Storytelling Techniques – Using tone and Emphasis

Using Tone and Emphasis

Children are especially sensitive to tone when telling stories and we all carry the imprint of our mothers saying our name in a “you’re in trouble buster” tone.

Tone and emphasis are so important and even when you speak at a regular volume, the tone of your voice is the single biggest giveaway to your emotion and the emphasis you give an individual word or phrase can completely change the message.

Tone is how we insert sarcasm into an otherwise straightforward sentence.

A single sentence can take on a multitude of meanings when given different tones and when emphasis is placed at different points. Combined, they illuminate the speaker’s motives, feelings and desires. The last thing you want is for your child to be cuddled in close at bedtime, but feel no warmth from your voice.

What is Emphasis in storytelling?

Let’s start with a brief summary of what emphasis means. The dictionary defines emphasis in storytelling (although it could be in any form of communication) as “special stress laid upon or attached to anything”.

I don’t want to labour the point (would that put undue emphasis on it?), so I’ll just say that for the purposes of this chapter; I’ll be discussing the most direct form of emphasis: Stressing an individual word or phrase in a story using your voice.

Consider this sentence:

“I know how to do it.”

For this exercise to really work, say it out loud.

Now let’s play with the emphasis.

Put the emphasis on the first word.

I know how to do it.”

Notice the feel of the sentence and the meaning behind the communication.

Now put the emphasis on the second word.

“I know how to do it.”

Continue and put the emphasis on each word in turn and listen to how the meaning and implications in the sames sentence can completely change depending on which word you emphasise and what emotion you put behind it.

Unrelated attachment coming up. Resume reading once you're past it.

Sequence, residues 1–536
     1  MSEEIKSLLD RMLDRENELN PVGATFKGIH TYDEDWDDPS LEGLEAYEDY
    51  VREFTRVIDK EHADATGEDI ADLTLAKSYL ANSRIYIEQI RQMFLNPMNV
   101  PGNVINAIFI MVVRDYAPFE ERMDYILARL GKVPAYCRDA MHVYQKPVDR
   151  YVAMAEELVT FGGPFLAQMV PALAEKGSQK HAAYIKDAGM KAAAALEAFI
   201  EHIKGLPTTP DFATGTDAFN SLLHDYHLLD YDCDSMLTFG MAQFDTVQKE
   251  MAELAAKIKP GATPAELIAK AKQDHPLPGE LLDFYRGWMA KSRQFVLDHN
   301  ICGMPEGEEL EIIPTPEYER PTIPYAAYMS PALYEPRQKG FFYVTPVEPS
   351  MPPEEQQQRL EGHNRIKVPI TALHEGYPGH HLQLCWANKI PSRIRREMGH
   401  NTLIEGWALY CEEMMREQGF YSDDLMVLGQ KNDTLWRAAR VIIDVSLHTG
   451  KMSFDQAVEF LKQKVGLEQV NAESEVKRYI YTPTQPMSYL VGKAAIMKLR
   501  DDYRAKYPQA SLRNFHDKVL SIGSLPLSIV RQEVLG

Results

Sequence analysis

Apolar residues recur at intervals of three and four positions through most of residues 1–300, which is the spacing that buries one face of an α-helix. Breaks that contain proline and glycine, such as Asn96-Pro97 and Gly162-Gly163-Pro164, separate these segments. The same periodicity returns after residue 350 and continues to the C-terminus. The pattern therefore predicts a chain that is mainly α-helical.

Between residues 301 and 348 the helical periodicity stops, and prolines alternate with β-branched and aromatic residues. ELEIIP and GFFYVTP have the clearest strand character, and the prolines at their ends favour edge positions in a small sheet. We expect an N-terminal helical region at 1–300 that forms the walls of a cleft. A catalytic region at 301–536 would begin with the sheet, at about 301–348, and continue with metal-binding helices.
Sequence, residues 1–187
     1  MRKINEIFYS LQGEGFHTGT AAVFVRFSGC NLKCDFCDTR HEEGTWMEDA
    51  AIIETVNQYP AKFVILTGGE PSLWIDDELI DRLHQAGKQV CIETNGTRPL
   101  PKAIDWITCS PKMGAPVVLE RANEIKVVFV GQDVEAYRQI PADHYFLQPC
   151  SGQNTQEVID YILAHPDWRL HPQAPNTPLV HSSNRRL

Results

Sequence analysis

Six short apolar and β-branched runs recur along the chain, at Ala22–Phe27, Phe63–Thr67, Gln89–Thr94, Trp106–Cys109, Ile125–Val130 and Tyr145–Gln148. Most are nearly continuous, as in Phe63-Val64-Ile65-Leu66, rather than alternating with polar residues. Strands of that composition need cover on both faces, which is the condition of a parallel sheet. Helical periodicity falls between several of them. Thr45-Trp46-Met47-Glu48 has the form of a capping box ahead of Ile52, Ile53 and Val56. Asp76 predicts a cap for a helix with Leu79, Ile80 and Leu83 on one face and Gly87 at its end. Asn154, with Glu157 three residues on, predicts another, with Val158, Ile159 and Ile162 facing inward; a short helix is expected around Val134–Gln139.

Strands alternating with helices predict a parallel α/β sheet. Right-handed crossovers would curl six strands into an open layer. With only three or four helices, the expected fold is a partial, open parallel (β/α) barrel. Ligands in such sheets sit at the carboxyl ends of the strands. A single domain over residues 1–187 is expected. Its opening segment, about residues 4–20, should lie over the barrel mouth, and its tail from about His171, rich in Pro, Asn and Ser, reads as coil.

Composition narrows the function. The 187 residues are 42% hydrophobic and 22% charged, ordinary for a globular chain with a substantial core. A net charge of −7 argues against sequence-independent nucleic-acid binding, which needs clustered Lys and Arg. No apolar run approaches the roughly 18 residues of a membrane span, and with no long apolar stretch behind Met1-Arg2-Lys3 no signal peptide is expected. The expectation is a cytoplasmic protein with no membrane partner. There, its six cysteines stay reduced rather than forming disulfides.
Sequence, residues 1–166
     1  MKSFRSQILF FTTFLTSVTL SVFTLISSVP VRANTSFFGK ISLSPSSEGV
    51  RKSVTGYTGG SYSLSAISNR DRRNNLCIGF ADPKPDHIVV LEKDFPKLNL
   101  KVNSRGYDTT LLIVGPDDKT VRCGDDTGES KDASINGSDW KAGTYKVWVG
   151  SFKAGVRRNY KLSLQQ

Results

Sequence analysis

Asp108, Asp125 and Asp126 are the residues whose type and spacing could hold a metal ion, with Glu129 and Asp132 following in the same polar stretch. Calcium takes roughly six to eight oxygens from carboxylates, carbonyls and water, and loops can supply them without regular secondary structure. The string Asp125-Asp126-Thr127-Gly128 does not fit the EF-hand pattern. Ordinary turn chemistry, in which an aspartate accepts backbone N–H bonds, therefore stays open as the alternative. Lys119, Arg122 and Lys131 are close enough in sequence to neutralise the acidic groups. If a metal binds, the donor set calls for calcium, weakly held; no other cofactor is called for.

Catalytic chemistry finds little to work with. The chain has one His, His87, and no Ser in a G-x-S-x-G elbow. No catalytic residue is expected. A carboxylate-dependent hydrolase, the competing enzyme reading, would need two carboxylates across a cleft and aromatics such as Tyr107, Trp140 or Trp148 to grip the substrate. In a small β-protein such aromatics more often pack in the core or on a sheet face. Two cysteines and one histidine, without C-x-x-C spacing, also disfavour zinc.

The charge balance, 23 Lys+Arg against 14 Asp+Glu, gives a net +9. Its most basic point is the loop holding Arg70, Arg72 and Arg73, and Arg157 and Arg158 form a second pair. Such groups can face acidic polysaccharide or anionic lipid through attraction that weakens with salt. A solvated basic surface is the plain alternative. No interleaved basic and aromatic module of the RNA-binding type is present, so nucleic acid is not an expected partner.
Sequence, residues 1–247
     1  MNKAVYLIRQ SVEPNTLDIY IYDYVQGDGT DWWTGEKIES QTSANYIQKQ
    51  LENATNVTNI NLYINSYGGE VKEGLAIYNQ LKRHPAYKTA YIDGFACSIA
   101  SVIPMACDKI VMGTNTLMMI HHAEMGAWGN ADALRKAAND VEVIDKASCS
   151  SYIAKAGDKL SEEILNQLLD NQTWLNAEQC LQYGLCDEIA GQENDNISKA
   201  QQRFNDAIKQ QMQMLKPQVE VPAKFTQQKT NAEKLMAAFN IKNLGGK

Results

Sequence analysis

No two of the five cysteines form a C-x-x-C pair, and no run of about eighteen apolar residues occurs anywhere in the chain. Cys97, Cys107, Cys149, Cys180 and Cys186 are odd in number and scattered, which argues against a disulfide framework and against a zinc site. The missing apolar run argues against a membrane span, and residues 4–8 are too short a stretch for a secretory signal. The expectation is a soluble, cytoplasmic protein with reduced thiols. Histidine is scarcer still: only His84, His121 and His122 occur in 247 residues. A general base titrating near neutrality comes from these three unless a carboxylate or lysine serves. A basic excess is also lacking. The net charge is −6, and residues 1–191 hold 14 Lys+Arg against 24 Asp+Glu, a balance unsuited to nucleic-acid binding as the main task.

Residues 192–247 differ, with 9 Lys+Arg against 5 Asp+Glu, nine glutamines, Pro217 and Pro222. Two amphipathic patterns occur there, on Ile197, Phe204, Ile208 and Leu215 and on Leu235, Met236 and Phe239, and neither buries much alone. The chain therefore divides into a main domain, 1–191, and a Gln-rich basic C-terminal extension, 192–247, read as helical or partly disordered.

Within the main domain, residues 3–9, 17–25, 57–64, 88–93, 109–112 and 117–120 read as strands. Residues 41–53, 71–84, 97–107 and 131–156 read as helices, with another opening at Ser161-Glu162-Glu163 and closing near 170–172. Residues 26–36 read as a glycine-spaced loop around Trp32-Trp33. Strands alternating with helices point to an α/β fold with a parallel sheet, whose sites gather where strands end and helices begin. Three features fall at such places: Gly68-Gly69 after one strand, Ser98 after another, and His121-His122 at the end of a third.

“I know how to do it.”

“I know how to do it.”

“I know how to do it.”

“I know how to do it.”

Lastly, repeat the sentence as you did at the start of the exercise. I wonder how much the meaning of that sentence has changed for you now?

Using Tone in storytelling

Tone is, I think, easier to get to grips with than emphasis because it’s easier to see how to put an emotion behind the story.

Let’s use the same sentence we used for tone, but this time let’s experiment with the tone.

“I know how to do it.”

Try saying it in an angry way.

“I know how to do it.”

Did you grit your teeth or pull a face? If you didn’t try it again and see what a difference that makes to the tone of the sentence.

Now say it in a happy way

“I know how to do it.”

Did you smile? Did you cock your head to one side? Maybe you sat up a bit?

Again, try those things and notice the difference. Body language in storytelling is another extremely important factor and there is a whole chapter dedicated to it, but right now, let’s focus on the tone of the sentece.

Lastly, speak the sentence in a monotone, with no change and no emphasis. You will find it is extremely boring as it gives no idea of the speaker’s emotion.

Putting tone and emphasis together as a storytelling technique

If you storytell in a monotonous way, your audience will quickly tune out and probably become unresponsive to your story.